I've posted before on broom straw casting, but this time I'm going to go into a little more detail.
You will need:
- an inexpensive straw broom
- a water bucket big enough to stand the broom in
- some concrete blocks, lumber or something to brace the broom upright in the bucket
- sterling silver or fine silver scraps to melt
- a torch (we use a propane torch; probably a mini torch would be too small)
- a crucible to melt the silver in
- long handled pliers or other tool to manipulate the hot crucible, or a crucible with a handle attached
- safety glasses for use with the torch
- a small can or container of water
- small wood saw, or similar cutting device
- string for binding the broom head
The first step is to prepare the broom. Cut off the broom handle about one foot or less above the top of the broom head. Then cut the stitching holding the broom head in shape. It's best to cut it in a lot of places and pull all the strings out. After the stitching is removed bind the broom with some string into a round cylindrical shape. Put the broom head in your bucket of water and soak until the straw is damp. This only takes a few minutes.
After the straw has gotten damp you need to brace the broom head upright in the bucket of water. We used some bricks we had around to do this.
Now use the torch to melt the silver in the crucible.
When the silver is fully melted pour it into the end of the straw head. Don't pour all of it in one spot. Move the pour around a little. Smoking and burning will occur.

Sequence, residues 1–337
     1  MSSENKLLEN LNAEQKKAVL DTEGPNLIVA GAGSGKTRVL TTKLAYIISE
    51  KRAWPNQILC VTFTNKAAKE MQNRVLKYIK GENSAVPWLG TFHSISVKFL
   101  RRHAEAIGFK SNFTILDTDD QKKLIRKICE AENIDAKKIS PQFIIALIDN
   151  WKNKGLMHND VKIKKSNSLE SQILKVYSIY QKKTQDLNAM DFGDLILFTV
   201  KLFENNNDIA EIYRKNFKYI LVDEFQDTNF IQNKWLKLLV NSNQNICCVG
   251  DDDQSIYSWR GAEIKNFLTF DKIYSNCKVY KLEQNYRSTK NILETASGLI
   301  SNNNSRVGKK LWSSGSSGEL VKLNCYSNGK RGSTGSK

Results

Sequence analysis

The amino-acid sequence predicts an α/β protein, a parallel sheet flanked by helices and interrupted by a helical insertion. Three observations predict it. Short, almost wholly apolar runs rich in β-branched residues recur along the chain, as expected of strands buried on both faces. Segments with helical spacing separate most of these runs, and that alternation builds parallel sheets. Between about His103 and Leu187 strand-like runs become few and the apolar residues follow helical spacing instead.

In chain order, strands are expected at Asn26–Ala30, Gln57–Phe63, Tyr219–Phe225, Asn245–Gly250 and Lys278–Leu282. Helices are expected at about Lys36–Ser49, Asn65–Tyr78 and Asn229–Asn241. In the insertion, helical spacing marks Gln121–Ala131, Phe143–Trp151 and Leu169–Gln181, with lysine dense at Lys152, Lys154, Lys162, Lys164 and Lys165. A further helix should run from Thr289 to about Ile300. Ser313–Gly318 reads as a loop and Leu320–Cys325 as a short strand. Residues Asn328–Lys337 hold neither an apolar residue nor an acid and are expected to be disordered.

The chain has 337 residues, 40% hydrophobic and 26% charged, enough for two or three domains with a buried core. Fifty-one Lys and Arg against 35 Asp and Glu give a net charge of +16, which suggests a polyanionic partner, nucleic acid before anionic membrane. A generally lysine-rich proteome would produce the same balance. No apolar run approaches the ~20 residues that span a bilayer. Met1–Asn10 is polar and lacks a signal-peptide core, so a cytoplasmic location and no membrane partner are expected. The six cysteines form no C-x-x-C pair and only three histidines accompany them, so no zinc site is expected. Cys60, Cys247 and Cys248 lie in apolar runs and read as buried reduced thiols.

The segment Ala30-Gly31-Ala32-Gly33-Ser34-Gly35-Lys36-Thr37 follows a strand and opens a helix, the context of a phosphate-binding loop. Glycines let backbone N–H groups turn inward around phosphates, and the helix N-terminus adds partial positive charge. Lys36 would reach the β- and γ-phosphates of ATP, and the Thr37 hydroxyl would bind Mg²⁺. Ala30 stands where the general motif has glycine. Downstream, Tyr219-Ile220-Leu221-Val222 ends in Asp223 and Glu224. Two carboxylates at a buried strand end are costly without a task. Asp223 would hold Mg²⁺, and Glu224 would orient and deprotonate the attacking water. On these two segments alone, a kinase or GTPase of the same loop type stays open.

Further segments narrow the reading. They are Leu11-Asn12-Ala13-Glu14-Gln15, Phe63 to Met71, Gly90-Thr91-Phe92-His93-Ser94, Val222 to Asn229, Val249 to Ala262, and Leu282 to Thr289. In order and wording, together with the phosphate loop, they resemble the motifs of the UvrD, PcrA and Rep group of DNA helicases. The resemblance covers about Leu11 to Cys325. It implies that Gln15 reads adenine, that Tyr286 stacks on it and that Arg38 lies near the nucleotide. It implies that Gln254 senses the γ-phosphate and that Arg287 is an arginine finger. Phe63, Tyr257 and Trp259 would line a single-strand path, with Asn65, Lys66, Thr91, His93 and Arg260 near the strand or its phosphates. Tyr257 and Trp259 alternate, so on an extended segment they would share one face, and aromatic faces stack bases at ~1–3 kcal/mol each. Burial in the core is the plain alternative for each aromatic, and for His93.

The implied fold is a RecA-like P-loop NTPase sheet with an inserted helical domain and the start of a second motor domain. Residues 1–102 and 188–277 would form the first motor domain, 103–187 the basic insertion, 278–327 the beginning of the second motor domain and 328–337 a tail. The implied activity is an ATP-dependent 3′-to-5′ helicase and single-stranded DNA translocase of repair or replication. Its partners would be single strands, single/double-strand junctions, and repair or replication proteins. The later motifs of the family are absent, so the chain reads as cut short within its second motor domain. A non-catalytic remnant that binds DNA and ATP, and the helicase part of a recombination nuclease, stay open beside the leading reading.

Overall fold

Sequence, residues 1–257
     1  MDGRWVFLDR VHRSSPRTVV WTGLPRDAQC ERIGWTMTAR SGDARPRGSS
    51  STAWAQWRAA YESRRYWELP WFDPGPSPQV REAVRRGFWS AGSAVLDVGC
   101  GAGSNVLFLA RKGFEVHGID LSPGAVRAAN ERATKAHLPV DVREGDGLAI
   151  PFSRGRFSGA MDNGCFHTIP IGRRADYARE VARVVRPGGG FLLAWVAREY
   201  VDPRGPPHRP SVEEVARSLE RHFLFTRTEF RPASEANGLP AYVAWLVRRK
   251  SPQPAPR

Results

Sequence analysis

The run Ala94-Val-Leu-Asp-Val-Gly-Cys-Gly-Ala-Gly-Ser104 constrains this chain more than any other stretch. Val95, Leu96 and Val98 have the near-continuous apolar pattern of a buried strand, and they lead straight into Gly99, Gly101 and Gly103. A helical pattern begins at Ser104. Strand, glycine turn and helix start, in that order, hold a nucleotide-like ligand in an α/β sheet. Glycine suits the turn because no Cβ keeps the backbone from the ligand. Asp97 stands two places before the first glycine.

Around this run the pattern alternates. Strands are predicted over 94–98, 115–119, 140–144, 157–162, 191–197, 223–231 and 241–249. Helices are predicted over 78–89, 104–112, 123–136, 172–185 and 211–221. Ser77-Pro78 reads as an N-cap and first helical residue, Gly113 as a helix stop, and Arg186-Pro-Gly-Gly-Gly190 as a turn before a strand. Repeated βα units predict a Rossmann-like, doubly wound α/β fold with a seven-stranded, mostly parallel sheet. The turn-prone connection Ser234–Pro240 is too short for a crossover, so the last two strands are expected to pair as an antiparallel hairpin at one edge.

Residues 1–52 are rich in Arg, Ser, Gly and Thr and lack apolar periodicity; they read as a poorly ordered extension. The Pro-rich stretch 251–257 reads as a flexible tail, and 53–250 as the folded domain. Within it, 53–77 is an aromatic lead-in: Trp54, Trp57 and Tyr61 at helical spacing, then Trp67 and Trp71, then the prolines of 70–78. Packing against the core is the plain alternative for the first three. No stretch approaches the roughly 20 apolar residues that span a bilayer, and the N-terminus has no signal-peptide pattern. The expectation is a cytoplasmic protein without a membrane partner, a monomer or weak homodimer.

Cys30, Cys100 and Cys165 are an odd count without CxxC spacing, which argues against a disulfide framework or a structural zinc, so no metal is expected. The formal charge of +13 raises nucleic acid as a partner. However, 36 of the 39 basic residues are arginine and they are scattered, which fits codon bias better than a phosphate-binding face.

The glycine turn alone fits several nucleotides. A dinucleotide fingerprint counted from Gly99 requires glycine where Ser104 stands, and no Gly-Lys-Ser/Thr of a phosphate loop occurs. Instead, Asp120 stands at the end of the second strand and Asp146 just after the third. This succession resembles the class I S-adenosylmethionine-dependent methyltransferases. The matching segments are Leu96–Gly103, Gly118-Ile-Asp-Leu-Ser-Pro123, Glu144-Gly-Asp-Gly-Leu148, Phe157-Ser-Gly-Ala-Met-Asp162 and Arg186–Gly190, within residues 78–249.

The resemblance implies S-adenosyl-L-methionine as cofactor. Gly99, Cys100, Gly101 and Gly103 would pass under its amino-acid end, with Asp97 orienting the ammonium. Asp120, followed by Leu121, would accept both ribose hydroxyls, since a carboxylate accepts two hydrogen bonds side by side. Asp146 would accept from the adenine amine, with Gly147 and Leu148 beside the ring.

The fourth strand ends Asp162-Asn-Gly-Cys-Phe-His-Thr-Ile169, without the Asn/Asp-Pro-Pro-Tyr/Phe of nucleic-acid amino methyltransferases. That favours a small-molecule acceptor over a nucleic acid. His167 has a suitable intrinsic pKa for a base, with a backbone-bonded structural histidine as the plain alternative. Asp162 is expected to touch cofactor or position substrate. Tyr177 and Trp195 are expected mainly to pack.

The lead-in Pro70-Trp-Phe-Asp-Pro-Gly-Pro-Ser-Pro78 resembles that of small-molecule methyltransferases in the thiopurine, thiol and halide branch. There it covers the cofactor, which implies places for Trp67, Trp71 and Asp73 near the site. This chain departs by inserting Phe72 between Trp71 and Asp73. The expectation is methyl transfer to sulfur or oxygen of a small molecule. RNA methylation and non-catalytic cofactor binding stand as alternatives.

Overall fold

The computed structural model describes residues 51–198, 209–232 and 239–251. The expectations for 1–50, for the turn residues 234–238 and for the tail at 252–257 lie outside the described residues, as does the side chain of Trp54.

Put the crucible down and turn your torch off. Use your smaller container of water and pour it into the broom head to cool the silver.
If you are outside, like we were, cover the crucible with something to protect yourself and any kids or animals from the heat. An old metal pot, a flower pot or something like that works fine.
Let things cool down for a minute and remove the broom head. Upend it over the large bucket of water, stick it in the water, cut the binding, and shake the broom out in the bucket. The silver will fall out into the water where you can fish it out when it cools. It cools quickly. Examine your castings. If you don't like them you can melt the silver and try again. There may also be pieces that are too small to use, but you can reserve them for the next time.
If you've used sterling silver you'll need to brush, then pickle the casting to clean it. If you used fine silver you'll just need to brush it.
Broom straw casting makes interesting organic shapes that can be made into pendants, rings, or pins.
Here's a link to a post I did on broom straw casting at Metal Chik with different pictures.
Here's a nice PDF article by Dennis Chapman. He goes into some detail on finishing.
Here's another article on finewire group at MSN with lots of pictures.